This paper undertakes a normative investigation of the quantitative properties of optimal tax smoothing in a business cycle model with state contingent debt, capital-skill complementarity and endogenous skill acquisition under technology and public expenditure shocks. We find that skilled and unskilled labour tax smoothing maintain quantitatively under externalities and exogenous shocks in skill acquisition, as well as when the relative skill supply is exogenously determined. We further find that the government finds it optimal to reduce both the size of the wedge between the marginal rates of substitution and transformation in skill attainment in the long-run and the standard deviation of this wedge over the business cycle. This is achieved by subsidising skill creation and taxing both types of labour income.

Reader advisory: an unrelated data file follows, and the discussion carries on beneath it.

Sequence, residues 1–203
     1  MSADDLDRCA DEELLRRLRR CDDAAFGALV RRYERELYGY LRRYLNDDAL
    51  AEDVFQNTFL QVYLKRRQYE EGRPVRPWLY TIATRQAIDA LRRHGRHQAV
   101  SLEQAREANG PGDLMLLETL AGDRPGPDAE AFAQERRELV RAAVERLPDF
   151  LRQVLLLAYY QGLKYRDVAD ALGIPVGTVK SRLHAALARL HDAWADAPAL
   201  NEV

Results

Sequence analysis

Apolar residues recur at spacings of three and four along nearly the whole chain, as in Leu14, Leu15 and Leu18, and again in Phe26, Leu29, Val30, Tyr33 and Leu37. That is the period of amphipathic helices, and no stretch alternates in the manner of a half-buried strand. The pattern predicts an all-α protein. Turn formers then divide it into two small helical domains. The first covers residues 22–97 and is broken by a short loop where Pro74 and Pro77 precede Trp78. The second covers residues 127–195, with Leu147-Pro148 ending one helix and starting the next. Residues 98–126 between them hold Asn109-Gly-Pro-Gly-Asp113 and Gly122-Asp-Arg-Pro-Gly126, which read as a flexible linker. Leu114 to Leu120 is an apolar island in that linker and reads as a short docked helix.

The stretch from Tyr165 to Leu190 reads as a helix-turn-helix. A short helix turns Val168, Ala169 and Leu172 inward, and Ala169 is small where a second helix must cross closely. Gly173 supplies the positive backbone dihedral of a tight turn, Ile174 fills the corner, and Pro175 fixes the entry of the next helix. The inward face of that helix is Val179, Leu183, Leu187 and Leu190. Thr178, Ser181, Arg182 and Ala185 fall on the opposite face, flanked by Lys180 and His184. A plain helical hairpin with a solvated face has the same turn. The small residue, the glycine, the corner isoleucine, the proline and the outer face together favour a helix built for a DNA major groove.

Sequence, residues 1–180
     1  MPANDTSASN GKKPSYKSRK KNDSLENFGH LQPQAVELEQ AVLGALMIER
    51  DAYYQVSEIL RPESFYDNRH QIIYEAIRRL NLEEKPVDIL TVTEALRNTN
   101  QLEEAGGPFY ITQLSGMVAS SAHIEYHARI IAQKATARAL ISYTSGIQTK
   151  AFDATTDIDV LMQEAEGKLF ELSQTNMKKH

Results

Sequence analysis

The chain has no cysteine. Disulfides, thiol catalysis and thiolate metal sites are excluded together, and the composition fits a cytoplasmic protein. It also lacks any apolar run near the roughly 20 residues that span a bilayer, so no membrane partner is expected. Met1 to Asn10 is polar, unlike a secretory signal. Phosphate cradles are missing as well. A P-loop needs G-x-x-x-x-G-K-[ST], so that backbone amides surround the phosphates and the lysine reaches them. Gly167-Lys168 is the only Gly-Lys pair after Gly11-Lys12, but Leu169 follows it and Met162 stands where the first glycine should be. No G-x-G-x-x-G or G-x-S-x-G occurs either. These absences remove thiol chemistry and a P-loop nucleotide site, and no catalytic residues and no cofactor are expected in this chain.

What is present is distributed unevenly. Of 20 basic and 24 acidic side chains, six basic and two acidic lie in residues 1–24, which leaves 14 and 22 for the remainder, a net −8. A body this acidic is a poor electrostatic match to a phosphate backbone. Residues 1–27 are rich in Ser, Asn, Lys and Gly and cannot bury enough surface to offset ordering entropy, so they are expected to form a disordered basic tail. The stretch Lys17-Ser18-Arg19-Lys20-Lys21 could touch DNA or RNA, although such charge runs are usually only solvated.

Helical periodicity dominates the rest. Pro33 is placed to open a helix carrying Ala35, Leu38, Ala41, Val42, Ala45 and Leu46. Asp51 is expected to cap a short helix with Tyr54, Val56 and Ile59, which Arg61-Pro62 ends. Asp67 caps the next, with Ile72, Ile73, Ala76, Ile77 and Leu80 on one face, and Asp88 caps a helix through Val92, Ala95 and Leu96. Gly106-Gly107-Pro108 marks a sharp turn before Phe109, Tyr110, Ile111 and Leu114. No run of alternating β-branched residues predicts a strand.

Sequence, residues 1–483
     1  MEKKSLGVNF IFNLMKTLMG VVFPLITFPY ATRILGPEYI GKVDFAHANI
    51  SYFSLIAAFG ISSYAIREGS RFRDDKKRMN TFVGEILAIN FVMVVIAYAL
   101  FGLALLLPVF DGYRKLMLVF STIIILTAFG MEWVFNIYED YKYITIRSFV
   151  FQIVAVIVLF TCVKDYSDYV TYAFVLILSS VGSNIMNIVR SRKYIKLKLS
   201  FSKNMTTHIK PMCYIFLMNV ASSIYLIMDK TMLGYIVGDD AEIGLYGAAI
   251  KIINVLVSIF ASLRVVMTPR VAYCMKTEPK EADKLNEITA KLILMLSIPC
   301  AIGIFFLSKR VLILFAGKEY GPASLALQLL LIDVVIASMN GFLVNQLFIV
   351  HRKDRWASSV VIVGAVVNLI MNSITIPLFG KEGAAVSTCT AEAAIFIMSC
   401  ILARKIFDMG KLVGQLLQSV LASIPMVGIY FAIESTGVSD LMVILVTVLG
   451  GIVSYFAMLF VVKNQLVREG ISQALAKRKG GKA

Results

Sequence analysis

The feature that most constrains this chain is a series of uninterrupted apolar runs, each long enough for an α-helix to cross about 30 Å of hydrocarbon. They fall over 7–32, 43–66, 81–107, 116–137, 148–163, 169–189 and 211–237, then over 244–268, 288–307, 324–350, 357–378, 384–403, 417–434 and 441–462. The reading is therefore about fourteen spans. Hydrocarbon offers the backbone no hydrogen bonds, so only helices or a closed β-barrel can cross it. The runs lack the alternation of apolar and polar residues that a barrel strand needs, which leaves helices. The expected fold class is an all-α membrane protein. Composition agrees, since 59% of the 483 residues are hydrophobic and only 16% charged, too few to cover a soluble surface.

- Skill premium
- tax smoothing
- optimal fiscal policy
Angelopoulos, K., Asimakopoulos, S., & Malley, J. (2015). Tax smoothing in a business cycle model with capital-skill complementarity. Journal of Economic Dynamics and Control, 51, 420-444. https://doi.org/10.1016/j.jedc.2014.11.002